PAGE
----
One of my favourites was a group of salarymen literally threw their colleague (who was wearing a silly hat) out of a train carriage presumably at his station. He waved and shouted a hearty おはようございます (“Good morning!”) as the doors closed. As the train pulled away, we all saw him fall backwards in the direction of a bemused guard, a look of elation on his face.

But as always – what comes up, must come down.
Even as someone who is a bit of a seasoned drinker (annoyingly, Felipe can still outdrink me) and a Geordie, living in Japan has blessed me with some of the worst hangovers (“futsukayoi” in Japanese…as I’ve now learned) in my life.

Thankfully, Japan is well prepared for such situations because of course they are.
Here are my favourite hangover remedies…

Before (and/or after): Ukon no Chikara

Famous Souvenirs from Japan: Ukon No Chikara (ウコンの力) - Easy Travel

As always in life, it’s all about preparation, preparation, preparation.

There are a plethora of little bottles of liquid cures in every conbini containing ingredients such as tumeric, vitamin C, B, and iron which are believed to help break down toxins and alcohol during the night.
They’re also pretty helpful the day after – but some are pretty gross tasting (such as Ukon no Chikara above, the top seller) and difficult to keep down after a particularly heavy night. Apparently.

During: Ramen

It’s very popular amongst Japanese drinkers to stop at a ramen place for a pick-me-up.

Personally, I can’t stomach a bowl full of rich broth and noodles while drinking (my drunk food is McDonalds) however at my last niji-kai before the ‘rona, I told my co-teachers I would just order a pop. But because they were all half-cut and eager to treat me, I suddenly found myself with five glasses of Coca Colas in front of me.

After: Pocari Sweat

ポカリスエット(POCARI SWEAT) ポカリスエット 500ml (メンズ、レディース、キッズ) 通販 LINEポイント最大0.5%GET |  LINEショッピング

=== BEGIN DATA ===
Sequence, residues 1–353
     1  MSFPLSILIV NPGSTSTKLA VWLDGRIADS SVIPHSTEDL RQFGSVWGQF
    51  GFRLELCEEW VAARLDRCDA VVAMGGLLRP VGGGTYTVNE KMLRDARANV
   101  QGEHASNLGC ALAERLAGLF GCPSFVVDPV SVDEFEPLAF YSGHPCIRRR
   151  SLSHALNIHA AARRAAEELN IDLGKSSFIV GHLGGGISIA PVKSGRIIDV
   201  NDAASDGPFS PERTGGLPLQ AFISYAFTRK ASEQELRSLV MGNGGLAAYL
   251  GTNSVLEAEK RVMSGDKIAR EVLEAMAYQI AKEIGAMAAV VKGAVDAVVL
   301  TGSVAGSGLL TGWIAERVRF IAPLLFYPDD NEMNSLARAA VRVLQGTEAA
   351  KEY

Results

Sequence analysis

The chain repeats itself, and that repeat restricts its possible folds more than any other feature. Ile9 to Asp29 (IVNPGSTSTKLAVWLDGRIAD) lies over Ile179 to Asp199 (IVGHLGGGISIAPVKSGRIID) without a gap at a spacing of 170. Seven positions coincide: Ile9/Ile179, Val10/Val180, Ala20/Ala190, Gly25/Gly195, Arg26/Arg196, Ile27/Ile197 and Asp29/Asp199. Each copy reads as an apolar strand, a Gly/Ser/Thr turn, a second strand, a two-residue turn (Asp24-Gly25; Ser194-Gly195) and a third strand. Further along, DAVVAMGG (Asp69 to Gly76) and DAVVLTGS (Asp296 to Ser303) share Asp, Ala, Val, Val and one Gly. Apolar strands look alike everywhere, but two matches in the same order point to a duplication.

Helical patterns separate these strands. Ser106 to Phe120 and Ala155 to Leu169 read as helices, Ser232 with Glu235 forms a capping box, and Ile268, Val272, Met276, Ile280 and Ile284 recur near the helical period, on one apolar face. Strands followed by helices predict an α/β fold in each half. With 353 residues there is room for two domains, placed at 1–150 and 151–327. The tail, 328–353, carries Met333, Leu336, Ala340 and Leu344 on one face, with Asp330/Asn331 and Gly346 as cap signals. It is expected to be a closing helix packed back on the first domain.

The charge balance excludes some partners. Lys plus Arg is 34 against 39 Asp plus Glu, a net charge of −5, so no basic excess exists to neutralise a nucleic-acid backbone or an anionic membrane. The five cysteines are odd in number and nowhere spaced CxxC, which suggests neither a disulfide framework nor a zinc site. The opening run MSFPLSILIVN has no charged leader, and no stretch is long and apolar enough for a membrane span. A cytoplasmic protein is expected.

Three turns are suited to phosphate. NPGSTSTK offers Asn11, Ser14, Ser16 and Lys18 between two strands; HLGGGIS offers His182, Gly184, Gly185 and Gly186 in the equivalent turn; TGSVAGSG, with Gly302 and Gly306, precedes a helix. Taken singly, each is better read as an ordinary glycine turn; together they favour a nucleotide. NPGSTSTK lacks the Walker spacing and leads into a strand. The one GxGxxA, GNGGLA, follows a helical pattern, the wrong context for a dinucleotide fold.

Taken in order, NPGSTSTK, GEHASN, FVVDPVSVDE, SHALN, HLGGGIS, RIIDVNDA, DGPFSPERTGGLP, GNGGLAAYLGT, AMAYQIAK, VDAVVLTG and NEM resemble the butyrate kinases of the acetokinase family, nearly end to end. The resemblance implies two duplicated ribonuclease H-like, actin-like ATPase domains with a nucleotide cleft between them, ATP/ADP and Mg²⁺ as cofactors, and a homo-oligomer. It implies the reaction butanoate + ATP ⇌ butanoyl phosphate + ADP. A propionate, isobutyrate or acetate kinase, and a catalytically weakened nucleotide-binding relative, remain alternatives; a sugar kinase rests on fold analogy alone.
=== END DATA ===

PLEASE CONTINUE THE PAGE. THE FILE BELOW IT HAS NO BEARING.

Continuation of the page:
My favourite hangover remedy is a cold bottle of Pocari Sweat, a delicious electrolyte drink with a terrible name. Similar to Gatoraid in the US and Lucozade in the UK it contains potassium and magnesium to rehydrate you. However unlike them, it doesn’t have a lot of carbonation or a strong taste – a little citrusy and a little salty which I appreciate.

It’s available in convenience stores, but most vending machines also have it – really easy to grab a bottle (or two) as I’m stumbling home.

Also trust me, it pairs perfectly with a few 7-11 hash browns. *chefs kiss*

So there you have it, you’re now prepared for a big Japanese night out.
After the ‘rona, of course. Stupid ‘rona.

~ Carla

Bite-Sized Japanter

Bite-Sized Japanter #21: Famisocks

The current trend among Japan’s trendiest influencers and the like are these ¥429 (around £2.80) socks from convenience store chain Family Mart, lovingly referred to as ‘Famisocks.’

There are nearly 4,000 results from the hashtag #ファミマソックス on Instagram and a lot of Family Marts are selling out instantly.

Pairs of the elusive Famisocks are currently selling for upwards of ¥3000 on resell sites such as Yahoo Auctions and eBay.

Gen Z are wild. However as a teenager in the early 00s I vividly remember the charity wristbands craze. They only cost £1 but they were sold out everywhere.

~ Carla

P.S.: Hello, I’m back! As always, I take a little break from blogging during school holidays – this summer I got the full six weeks off. ❤️